Evaluation of the hypothalamic-pituitary-adrenal axis function in childhood and adolescence

Neuroimmunomodulation. 2009;16(5):272-83. doi: 10.1159/000216185. Epub 2009 Jun 29.


The hypothalamic-pituitary-adrenal (HPA) axis plays an important role in the maintenance of basal and stress-related homeostasis. The hypothalamus controls the secretion of adrenocorticotropic hormone (ACTH) from the anterior pituitary, which in turn stimulates the secretion of glucocorticoids from the adrenal cortex. Glucocorticoids, the final effectors of the HPA axis, regulate a broad spectrum of physiologic functions essential for life and exert their effects through their ubiquitously distributed intracellular receptors. Alterations in the activity of the HPA axis may present with symptoms and signs of glucocorticoid deficiency or excess. Detailed endocrinologic evaluation is of primary importance in determining the diagnosis and/or etiology of the underlying condition. We review the most common endocrinologic investigations used in the evaluation of the HPA axis integrity and function.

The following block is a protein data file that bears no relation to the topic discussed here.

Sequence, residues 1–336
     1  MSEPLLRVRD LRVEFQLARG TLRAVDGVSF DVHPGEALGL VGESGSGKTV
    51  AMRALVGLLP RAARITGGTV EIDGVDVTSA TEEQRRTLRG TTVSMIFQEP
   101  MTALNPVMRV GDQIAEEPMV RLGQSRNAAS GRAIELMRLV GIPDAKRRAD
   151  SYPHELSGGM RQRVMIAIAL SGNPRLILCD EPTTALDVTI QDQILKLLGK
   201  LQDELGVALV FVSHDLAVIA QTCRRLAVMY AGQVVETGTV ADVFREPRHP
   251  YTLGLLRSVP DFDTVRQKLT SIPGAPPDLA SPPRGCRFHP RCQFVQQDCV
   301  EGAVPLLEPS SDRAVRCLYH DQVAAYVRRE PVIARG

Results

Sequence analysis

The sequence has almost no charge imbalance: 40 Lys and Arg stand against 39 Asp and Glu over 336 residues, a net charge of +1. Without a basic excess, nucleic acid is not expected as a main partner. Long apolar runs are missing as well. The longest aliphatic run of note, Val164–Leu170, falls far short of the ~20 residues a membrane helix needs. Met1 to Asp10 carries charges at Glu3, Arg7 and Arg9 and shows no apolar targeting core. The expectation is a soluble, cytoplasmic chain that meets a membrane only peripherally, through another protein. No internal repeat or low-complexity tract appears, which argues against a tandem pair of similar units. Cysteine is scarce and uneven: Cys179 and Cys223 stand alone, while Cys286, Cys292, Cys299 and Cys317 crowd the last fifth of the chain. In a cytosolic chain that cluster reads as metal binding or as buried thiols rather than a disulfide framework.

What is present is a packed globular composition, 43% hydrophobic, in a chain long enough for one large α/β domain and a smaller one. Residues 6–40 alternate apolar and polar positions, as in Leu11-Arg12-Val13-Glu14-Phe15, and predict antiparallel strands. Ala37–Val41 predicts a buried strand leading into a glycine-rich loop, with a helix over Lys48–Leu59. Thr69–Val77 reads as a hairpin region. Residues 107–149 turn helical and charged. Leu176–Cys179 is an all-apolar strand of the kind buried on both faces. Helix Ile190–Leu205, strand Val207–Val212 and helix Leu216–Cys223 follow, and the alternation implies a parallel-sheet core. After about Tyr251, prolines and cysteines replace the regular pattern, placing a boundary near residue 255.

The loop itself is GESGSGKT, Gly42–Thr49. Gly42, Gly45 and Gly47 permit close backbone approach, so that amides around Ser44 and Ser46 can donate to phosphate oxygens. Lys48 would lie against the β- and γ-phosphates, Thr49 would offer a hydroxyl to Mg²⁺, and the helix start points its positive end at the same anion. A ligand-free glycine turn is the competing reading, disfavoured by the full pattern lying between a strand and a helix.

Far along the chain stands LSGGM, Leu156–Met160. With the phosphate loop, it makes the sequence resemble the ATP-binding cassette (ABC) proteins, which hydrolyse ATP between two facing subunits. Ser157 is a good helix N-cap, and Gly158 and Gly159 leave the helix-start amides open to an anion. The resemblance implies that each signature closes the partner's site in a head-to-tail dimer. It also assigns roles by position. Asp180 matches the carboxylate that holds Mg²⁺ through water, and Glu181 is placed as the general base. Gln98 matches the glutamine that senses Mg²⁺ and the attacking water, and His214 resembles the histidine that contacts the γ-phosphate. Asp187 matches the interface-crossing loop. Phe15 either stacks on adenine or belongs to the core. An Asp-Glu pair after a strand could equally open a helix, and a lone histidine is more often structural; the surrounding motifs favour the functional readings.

Publication types

  • Review

MeSH terms

  • Adolescent
  • Child
  • Clinical Laboratory Techniques / standards
  • Clinical Laboratory Techniques / trends
  • Diagnostic Techniques, Endocrine / standards
  • Diagnostic Techniques, Endocrine / trends*
  • Endocrine System Diseases / diagnosis*
  • Endocrine System Diseases / physiopathology
  • Glucocorticoids / analysis
  • Glucocorticoids / metabolism*
  • Humans
  • Hypothalamic Hormones / analysis
  • Hypothalamic Hormones / metabolism
  • Hypothalamo-Hypophyseal System / growth & development
  • Hypothalamo-Hypophyseal System / physiopathology*
  • Neurosecretory Systems / growth & development
  • Neurosecretory Systems / physiopathology*
  • Pituitary-Adrenal Function Tests / methods
  • Pituitary-Adrenal Function Tests / standards
  • Pituitary-Adrenal Function Tests / trends
  • Pituitary-Adrenal System / growth & development
  • Pituitary-Adrenal System / physiopathology*


  • Glucocorticoids
  • Hypothalamic Hormones